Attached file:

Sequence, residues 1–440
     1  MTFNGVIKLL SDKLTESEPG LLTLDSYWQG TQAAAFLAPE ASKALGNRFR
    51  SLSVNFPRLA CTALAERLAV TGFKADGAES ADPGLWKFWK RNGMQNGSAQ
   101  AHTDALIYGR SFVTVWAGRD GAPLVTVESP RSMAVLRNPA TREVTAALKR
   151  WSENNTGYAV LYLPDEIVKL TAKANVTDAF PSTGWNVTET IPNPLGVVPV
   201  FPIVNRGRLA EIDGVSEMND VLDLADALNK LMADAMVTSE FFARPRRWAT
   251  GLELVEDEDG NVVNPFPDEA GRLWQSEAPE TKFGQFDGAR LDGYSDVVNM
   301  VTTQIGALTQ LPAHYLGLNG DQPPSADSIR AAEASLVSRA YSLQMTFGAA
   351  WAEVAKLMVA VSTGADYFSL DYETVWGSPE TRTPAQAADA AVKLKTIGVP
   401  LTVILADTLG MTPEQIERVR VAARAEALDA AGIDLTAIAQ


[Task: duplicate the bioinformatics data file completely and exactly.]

Sequence, residues 1–440
     1  MTFNGVIKLL SDKLTESEPG LLTLDSYWQG TQAAAFLAPE ASKALGNRFR
    51  SLSVNFPRLA CTALAERLAV TGFKADGAES ADPGLWKFWK RNGMQNGSAQ
   101  AHTDALIYGR SFVTVWAGRD GAPLVTVESP RSMAVLRNPA TREVTAALKR
   151  WSENNTGYAV LYLPDEIVKL TAKANVTDAF PSTGWNVTET IPNPLGVVPV
   201  FPIVNRGRLA EIDGVSEMND VLDLADALNK LMADAMVTSE FFARPRRWAT
   251  GLELVEDEDG NVVNPFPDEA GRLWQSEAPE TKFGQFDGAR LDGYSDVVNM
   301  VTTQIGALTQ LPAHYLGLNG DQPPSADSIR AAEASLVSRA YSLQMTFGAA
   351  WAEVAKLMVA VSTGADYFSL DYETVWGSPE TRTPAQAADA AVKLKTIGVP
   401  LTVILADTLG MTPEQIERVR VAARAEALDA AGIDLTAIAQ